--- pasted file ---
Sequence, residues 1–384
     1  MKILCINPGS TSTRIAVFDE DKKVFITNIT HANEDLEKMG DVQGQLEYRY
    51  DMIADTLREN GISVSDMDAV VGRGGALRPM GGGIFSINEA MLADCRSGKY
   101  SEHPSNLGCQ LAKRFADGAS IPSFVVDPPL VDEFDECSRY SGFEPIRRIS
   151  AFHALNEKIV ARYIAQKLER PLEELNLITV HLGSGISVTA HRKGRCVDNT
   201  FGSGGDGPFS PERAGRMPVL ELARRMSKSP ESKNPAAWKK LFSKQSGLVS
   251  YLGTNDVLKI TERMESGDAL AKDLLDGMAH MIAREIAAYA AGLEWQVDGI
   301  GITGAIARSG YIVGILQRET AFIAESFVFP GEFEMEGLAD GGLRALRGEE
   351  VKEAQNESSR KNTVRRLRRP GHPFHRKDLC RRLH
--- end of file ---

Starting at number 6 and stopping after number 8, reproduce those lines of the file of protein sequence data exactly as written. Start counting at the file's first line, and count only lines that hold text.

   201  FGSGGDGPFS PERAGRMPVL ELARRMSKSP ESKNPAAWKK LFSKQSGLVS
   251  YLGTNDVLKI TERMESGDAL AKDLLDGMAH MIAREIAAYA AGLEWQVDGI
   301  GITGAIARSG YIVGILQRET AFIAESFVFP GEFEMEGLAD GGLRALRGEE